Many employers currently pay an annual salary to all or some of their employees who are covered by a modern award. It is common in those circumstances for an employee’s contract of employment to contain a provision which provides that the salary includes payment for all and any entitlements the employee may have (including entitlements arising under an award) in respect of their employment. These “common law” contract salary clauses, if properly drafted, have been held to be effective in permitting the total salary to be applied against individual award entitlements such as minimum wages, overtime and allowances. Generally, an employer will meet its legal payment obligations provided that the total salary equals or exceeds the total entitlements calculated under the terms of the relevant award.
Some awards also contain annualised salary clauses. The effect of those clauses is that an employer may pay an annual salary to an employee in satisfaction of specific provisions of the award provided that the salary does not disadvantage the employee (over the course of a 12 month period) and provided the employer undertakes a review each year to ensure the salary amount is appropriate having regard to the hours worked by the employee.
On 1 March 2020, new annualised salary clauses will be inserted into 22 modern awards.
The new clauses impose additional obligations on employers who wish to obtain the benefit of the award annualised salary exemption. In particular, employers must:
Employers will continue to have a choice whether to pay an annual salary in accordance with the agreed terms of an employee’s contract of employment, or to bring themselves within the scope of the annualised salary provisions contained in the applicable award.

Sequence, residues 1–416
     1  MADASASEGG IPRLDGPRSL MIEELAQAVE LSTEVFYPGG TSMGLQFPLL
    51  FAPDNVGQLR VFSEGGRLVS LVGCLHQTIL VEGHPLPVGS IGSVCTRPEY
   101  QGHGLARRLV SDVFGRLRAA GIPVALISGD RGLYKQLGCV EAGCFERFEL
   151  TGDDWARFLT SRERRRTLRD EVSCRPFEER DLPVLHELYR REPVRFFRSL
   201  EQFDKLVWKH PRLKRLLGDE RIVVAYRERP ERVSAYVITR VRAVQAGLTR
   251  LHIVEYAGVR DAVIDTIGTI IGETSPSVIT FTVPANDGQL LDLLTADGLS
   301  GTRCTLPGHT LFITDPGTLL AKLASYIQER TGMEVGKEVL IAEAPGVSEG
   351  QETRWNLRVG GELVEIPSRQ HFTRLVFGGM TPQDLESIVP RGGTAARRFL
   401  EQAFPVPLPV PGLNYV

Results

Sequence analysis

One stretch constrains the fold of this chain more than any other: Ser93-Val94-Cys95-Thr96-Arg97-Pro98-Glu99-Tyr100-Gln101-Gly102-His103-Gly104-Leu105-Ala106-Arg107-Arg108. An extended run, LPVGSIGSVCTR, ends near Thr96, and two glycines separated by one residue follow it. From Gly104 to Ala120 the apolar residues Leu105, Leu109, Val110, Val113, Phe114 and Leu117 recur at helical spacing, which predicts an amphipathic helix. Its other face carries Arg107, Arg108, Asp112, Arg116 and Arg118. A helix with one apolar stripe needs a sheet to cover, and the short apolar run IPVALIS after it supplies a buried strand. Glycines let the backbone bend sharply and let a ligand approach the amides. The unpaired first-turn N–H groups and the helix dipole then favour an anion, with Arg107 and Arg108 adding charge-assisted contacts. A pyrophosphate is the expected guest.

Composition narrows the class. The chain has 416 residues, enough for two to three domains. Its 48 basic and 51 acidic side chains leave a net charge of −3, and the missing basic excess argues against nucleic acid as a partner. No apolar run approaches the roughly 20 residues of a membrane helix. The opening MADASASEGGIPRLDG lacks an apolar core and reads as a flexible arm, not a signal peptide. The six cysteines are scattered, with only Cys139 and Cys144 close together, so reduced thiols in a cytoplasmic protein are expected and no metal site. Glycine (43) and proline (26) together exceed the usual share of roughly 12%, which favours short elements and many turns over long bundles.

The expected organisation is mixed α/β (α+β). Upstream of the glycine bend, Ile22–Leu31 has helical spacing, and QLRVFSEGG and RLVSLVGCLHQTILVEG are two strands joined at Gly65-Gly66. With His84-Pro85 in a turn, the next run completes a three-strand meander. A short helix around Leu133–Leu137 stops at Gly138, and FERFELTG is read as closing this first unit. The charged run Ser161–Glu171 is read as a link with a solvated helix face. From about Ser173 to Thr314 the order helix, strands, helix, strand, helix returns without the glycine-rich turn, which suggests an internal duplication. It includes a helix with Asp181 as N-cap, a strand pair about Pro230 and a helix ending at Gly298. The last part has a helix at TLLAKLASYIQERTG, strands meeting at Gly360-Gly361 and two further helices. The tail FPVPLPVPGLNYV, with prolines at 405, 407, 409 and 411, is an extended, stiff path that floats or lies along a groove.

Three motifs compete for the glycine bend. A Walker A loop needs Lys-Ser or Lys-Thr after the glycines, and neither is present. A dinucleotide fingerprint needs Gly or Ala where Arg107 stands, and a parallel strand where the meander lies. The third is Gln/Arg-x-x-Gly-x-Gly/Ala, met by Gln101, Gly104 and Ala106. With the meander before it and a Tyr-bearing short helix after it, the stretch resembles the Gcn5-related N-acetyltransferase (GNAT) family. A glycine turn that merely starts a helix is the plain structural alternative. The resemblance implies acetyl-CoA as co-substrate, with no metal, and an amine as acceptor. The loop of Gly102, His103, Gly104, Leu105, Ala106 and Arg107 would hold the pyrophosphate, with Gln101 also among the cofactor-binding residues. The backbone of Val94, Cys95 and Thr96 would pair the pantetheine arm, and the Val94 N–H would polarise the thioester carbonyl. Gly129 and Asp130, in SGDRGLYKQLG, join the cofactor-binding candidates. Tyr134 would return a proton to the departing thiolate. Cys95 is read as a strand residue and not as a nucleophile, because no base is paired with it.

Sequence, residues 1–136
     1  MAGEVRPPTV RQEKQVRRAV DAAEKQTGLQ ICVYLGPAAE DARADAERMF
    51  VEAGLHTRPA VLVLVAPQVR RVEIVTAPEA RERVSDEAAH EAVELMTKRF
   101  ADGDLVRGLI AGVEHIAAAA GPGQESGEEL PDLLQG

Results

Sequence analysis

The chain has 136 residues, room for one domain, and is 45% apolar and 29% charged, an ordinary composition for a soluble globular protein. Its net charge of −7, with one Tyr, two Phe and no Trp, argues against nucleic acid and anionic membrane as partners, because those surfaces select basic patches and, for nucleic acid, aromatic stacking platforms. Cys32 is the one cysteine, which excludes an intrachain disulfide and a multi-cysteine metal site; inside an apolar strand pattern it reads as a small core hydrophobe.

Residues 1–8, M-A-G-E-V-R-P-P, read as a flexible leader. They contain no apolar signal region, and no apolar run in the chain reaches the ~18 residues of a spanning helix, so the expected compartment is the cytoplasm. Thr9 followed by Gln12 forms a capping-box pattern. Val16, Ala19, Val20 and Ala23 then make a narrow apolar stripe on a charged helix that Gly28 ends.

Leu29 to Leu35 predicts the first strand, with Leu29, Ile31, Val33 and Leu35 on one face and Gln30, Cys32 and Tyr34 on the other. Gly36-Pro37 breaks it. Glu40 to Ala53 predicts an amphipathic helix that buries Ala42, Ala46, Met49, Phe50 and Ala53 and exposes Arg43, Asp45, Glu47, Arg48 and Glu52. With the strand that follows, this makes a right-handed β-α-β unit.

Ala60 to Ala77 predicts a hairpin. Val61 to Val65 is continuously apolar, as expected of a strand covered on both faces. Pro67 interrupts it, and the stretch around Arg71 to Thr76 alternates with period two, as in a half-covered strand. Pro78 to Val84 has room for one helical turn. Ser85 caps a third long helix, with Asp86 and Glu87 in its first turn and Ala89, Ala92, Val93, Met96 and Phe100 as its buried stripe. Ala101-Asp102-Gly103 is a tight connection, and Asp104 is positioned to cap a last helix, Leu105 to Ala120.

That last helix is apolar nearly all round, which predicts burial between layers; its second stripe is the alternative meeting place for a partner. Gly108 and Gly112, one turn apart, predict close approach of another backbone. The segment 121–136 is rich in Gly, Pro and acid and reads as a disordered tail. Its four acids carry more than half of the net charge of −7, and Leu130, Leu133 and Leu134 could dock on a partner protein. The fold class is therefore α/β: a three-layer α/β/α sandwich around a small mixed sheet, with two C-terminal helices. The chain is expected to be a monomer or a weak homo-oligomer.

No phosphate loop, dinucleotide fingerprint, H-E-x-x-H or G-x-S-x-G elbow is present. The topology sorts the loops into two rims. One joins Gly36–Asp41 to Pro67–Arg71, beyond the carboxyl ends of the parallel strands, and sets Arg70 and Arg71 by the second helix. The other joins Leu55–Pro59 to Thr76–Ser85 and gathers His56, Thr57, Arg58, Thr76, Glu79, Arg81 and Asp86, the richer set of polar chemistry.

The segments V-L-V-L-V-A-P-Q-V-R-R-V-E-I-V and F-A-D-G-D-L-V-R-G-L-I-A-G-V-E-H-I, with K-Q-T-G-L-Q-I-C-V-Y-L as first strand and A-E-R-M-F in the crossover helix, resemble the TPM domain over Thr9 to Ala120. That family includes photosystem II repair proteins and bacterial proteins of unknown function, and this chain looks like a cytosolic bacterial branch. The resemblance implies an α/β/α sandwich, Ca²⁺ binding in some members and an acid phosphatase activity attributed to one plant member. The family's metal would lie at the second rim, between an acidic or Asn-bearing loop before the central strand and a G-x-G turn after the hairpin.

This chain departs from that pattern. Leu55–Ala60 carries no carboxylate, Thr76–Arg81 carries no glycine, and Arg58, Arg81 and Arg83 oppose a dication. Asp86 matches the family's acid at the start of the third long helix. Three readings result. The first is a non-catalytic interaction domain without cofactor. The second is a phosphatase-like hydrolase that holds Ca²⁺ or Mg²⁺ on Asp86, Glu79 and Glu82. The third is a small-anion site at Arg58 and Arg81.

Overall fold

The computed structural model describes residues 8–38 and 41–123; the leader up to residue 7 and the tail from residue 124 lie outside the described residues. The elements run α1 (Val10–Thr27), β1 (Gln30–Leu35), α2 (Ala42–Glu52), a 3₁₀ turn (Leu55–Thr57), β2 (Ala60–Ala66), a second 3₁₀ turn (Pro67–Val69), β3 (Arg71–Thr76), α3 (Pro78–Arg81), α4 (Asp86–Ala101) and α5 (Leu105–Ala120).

The Fair Work Commission has confirmed that after 1 March 2020 employers are not legally required to comply with the prescriptive requirements associated with paying an annualised salary under an award. Rather, an employer will not qualify for the annualised salary award exemption if they do not comply. Employers will still be able to use a common law contract which provides for an annual salary that “buys out” the entitlements under the award to the same extent that they do now.
The main risk for employers if they adopt this option is the same as it is now, namely, ensuring that:
Where the total “common law” salary of staff is substantially higher than what an employee would earn under an award (taking into account hours worked) this risk is relatively low and the employer may therefore decide that it is not worth the additional administrative time and expense associated with bringing themselves within the award annualised salary exemption. On the other hand if there is only a small margin for error when comparing the strict award entitlements to the annual salary amount the risk of breach is higher and therefore the employer may be more likely to decide that the time and cost of complying with the new award annualised salary requirements is warranted.
Employers who opt to bring themselves under the award provisions will need to ensure they strictly comply with the new record keeping and reconciliation requirements or face breaching the terms of the award.
If you would like advice about the suitability of your existing employment arrangements please contact our team of expert employment and industrial relations lawyers.
This article provides general comments only. It does not purport to be legal advice. Before acting on the basis of any material contained in this article, we recommend that you seek professional advice.
Paul Dugan, Principal in our Disputes Team
Direct Telephone: +61 8 8210 2266
Kylie Dunn, Senior Associate in our Disputes Team
Direct Telephone: +61 8 8210 2286